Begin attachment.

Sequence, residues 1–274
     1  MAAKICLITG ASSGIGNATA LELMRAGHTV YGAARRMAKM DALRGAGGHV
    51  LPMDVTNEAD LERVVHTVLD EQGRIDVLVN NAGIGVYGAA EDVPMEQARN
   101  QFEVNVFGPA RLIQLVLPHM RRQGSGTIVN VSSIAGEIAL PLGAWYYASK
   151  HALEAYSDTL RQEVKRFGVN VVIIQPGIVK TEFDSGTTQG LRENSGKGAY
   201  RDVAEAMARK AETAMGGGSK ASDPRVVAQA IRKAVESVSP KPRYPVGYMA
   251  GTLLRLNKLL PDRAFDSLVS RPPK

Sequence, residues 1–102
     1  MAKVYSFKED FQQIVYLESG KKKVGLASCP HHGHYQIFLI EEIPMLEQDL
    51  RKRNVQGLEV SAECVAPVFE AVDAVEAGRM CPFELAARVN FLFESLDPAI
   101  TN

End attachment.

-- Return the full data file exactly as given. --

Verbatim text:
Sequence, residues 1–274
     1  MAAKICLITG ASSGIGNATA LELMRAGHTV YGAARRMAKM DALRGAGGHV
    51  LPMDVTNEAD LERVVHTVLD EQGRIDVLVN NAGIGVYGAA EDVPMEQARN
   101  QFEVNVFGPA RLIQLVLPHM RRQGSGTIVN VSSIAGEIAL PLGAWYYASK
   151  HALEAYSDTL RQEVKRFGVN VVIIQPGIVK TEFDSGTTQG LRENSGKGAY
   201  RDVAEAMARK AETAMGGGSK ASDPRVVAQA IRKAVESVSP KPRYPVGYMA
   251  GTLLRLNKLL PDRAFDSLVS RPPK

Sequence, residues 1–102
     1  MAKVYSFKED FQQIVYLESG KKKVGLASCP HHGHYQIFLI EEIPMLEQDL
    51  RKRNVQGLEV SAECVAPVFE AVDAVEAGRM CPFELAARVN FLFESLDPAI
   101  TN